JECED and the International Electronics Manufacturing Initiative have produced two documents intended to help manufacturers reduce the risk of tin whiskers growing on lead-free products. JESD201 and JP2002 (developed with IPC) set out strategies to help reduce the occurrence of tin whiskers. Researchers conceded that these are mitigation strategies and that "it is not possible to guarantee that tin whiskers will not grow under field conditions."
This is tough news for manufacturers in the industries such as defense, aerospace and medical equipment, which are exempt from the RoHS lead-free laws. The exempt industries are now forced to choose between risking tin whiskers — and potential product failure — or redesigning their products with pricey high-reliability components.
Truchard will be presented the award at the 2014 Golden Mousetrap Awards ceremony during the co-located events Pacific Design & Manufacturing, MD&M West, WestPack, PLASTEC West, Electronics West, ATX West, and AeroCon.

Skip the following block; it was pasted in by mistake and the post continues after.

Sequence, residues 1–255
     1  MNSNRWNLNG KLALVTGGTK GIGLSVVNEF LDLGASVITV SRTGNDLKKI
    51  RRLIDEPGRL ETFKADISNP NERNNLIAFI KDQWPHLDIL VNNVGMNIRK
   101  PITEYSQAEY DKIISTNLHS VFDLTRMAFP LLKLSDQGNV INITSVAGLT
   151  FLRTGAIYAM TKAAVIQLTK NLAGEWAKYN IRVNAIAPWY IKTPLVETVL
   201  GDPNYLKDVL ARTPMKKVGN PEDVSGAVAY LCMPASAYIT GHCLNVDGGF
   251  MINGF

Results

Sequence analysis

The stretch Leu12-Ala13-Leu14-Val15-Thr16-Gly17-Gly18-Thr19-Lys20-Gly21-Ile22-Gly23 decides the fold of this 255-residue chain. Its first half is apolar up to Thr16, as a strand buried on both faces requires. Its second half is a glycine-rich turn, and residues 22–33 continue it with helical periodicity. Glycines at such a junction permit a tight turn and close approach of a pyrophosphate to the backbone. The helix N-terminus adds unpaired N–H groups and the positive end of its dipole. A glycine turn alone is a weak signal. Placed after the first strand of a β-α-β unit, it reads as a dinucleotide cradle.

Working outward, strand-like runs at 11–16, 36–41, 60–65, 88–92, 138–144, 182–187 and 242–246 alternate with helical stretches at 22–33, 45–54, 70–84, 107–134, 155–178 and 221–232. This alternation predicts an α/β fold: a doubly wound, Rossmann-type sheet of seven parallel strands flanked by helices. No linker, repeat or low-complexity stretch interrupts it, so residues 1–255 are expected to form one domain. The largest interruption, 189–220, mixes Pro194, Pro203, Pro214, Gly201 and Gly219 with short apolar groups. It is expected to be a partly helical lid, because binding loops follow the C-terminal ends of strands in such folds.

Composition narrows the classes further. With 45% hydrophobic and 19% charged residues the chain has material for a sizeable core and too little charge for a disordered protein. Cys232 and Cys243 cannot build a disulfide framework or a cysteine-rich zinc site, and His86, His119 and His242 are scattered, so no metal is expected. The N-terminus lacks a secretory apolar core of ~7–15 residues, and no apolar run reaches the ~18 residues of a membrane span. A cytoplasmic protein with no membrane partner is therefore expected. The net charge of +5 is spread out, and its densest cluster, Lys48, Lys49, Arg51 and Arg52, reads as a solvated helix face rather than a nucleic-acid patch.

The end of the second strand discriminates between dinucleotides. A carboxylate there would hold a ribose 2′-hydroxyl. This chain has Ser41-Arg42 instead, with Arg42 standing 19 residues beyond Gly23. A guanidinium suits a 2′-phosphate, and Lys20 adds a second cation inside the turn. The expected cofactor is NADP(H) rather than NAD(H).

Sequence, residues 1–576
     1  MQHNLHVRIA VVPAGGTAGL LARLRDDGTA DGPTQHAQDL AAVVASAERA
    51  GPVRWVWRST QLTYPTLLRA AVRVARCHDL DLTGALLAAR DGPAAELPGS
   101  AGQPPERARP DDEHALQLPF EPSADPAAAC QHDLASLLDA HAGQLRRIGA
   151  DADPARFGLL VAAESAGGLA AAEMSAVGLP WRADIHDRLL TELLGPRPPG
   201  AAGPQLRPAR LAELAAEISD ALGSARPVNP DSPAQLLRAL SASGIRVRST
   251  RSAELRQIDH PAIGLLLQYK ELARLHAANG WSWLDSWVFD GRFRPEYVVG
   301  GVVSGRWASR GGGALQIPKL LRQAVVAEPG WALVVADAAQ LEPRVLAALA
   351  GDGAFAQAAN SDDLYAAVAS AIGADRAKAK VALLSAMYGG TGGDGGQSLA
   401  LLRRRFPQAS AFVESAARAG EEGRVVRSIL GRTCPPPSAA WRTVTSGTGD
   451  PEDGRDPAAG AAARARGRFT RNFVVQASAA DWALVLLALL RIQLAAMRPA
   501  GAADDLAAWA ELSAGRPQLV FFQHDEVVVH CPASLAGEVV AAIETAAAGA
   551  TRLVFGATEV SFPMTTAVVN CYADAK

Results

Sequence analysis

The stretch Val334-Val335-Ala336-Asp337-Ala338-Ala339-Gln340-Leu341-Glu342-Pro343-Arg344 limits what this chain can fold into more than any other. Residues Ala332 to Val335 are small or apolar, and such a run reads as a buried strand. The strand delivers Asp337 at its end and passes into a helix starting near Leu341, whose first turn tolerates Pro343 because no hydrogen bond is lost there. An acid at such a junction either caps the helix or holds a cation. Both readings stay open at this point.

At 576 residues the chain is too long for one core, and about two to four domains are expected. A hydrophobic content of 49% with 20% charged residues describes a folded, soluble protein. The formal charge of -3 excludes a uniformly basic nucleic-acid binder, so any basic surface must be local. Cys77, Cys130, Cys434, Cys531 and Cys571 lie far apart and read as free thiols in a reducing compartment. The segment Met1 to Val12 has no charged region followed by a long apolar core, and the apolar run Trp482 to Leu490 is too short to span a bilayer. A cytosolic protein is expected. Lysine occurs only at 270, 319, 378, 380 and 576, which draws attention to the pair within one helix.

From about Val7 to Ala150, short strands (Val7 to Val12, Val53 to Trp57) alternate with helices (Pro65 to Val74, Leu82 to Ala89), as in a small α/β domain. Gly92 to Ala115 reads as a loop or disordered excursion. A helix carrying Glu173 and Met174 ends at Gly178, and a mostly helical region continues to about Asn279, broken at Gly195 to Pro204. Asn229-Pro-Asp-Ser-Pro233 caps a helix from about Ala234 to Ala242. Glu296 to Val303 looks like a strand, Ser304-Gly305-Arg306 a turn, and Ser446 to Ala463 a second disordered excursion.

In a bid to boost the viability of lithium-based electric car batteries, a team at Lawrence Berkeley National Laboratory has developed a chemistry that could possibly double an EV’s driving range while cutting its battery cost in half.
For industrial control applications, or even a simple assembly line, that machine can go almost 24/7 without a break. But what happens when the task is a little more complex? That’s where the “smart” machine would come in. The smart machine is one that has some simple (or complex in some cases) processing capability to be able to adapt to changing conditions. Such machines are suited for a host of applications, including automotive, aerospace, defense, medical, computers and electronics, telecommunications, consumer goods, and so on. This discussion will examine what’s possible with smart machines, and what tradeoffs need to be made to implement such a solution.